You’re not active enough: If your heart rate exceeds that of the average adult (60-100 beats per min) this may mean that your heart is less efficient at pumping blood.
You’re overtraining: Keeping an eye on your heart rate during exercise regimens can be a good measure of when you should start to scale it back a bit. Working out too hard, and thus at high heart rates, can mean you are working out more than is required.
You’re too stressed: Mental and emotional stress can wreak havoc on your resting heart rate, making it creep up over time. If stress remains constant for long periods of time, it can lead to a higher risk of heart attacks, strokes, and much more.
You’re sleep deprived: Not getting enough sleep can lead to fatigue, a lower metabolism, and excessive snacking and calorie intake. Not getting enough sleep can also lead to increases in resting heart rate.
You’re dehydrated: Having a dry mouth, noticing your urine is more yellow than normal, and even a slightly higher resting heart rate may indicate you are dehydrated. Drinking more water, especially during hot days of the year, will help remedy this.
You’re developing a medical condition: Experiencing symptoms such as shortness of breath, unusual fatigue, dizziness, and excessive thirst combined with an increase to your resting heart rate may indicate an underlying condition. These symptoms may present with medical conditions such as cardiovascular disease, hyperthyroidism, or type 2 diabetes. Speaking to your doctor as soon as possible is highly recommended in such cases.
There are many different factors that can contribute to a higher or lower heart rate, including activity level, fitness level, air temperature, body position, emotions and stress level, body size, medications, food and drink, and illness. Depending on these factors, you may find you have a higher or lower heart rate. To get the most accurate resting heart rate measurement, you should be at complete rest. Measuring your heart rate during activity will render higher numbers, and if you go by those readings you may think your heart is at risk.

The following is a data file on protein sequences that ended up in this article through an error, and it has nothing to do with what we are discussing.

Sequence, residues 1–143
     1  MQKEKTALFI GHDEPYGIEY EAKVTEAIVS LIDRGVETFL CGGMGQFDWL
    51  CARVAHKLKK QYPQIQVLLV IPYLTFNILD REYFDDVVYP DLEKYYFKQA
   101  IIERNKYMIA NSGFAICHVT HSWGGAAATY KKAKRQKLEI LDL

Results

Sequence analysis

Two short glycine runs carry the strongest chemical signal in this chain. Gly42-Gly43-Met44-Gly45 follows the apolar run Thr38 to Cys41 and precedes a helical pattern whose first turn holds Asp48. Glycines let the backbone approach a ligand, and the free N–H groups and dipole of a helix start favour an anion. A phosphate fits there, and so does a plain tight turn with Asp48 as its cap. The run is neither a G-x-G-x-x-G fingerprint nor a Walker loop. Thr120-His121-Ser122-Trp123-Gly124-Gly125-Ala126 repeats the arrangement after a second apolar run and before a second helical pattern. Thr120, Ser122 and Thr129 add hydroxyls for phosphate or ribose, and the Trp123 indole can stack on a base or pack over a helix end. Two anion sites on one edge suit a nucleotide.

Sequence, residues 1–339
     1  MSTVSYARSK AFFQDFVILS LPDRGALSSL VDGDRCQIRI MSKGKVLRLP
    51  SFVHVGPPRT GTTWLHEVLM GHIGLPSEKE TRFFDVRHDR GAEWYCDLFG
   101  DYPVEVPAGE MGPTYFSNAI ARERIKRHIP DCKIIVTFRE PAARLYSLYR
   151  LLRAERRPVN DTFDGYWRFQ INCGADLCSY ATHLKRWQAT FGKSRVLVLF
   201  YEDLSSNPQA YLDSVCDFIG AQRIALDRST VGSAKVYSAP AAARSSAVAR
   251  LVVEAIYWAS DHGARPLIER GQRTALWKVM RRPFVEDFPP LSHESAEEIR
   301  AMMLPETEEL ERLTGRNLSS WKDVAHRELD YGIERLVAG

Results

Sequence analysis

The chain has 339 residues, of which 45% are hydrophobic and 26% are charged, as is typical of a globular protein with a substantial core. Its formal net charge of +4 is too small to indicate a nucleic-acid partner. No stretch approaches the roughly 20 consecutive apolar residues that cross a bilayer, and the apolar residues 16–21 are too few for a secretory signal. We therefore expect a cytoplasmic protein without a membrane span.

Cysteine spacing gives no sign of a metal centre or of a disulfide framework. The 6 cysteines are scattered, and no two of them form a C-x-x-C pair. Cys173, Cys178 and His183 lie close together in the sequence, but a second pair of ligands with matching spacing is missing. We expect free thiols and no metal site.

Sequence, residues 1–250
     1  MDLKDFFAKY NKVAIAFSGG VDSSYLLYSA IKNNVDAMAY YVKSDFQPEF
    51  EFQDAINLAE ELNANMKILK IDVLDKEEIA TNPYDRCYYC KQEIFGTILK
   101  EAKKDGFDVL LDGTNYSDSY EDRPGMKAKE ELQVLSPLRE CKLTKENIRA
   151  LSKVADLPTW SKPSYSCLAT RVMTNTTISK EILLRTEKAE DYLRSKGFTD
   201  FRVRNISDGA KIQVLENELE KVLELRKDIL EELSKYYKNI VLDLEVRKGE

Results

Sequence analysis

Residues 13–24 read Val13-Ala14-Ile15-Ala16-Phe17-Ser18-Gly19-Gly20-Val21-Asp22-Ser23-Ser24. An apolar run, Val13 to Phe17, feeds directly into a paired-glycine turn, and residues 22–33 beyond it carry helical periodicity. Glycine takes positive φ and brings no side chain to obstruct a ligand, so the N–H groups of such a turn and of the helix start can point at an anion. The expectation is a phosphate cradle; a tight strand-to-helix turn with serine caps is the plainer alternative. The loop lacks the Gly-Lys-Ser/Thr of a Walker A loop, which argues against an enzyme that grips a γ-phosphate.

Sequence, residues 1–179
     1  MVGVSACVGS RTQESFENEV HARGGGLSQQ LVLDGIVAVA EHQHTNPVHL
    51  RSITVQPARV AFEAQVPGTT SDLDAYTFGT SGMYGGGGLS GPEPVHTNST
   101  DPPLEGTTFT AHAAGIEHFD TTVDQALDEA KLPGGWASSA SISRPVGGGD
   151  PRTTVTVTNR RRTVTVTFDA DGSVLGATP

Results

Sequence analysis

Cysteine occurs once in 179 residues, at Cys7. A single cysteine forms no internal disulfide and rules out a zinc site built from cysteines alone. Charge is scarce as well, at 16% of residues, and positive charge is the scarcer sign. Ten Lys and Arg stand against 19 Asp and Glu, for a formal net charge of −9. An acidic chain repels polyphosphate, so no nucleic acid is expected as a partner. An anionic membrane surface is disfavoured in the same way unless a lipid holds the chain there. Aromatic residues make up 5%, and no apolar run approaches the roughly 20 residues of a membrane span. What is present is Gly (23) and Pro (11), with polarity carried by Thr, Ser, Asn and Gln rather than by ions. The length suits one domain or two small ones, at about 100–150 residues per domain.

Additionally, it is important to recognize that resting heart rate tends to increase with age. Also, certain medications may also affect our resting heart rate, as drugs used to treat asthma, depression, obesity, and attention deficit disorder can lead to it increasing.
To measure your resting heart rate, ensure you are relaxed and comfortable. Stay seated and motionless between five to 10 minutes to fully relax. Once well relaxed, locate your pulse, which can be easily done by applying pressure with your index and middle fingers on the inside of your wrist – there is your radial artery.
Use a watch with a second hand and count how many beats you feel within 10 seconds. Complete this test two to three times to find your average number and multiply that number by six. For example, if you count 12 beats within the ten-second span, your resting heart rate is 72 beats per minute (12×6 = 72).
There are many natural ways for improving your resting heart rate. Here’s what you can do:
By ensuring your resting heart rate is in a healthy range, you can reduce the risk of heart-related complications and improve your heart function.
Have a higher than normal resting heart rate should prompt you to be suspicious about your overall cardiovascular health. Referring back to the heart rate chart, you can easily find which category you fall into. If you do find yourself having an abnormally high resting heart rate, seeing your doctor about its potential cause will help reduce your chances of succumbing to an untimely death.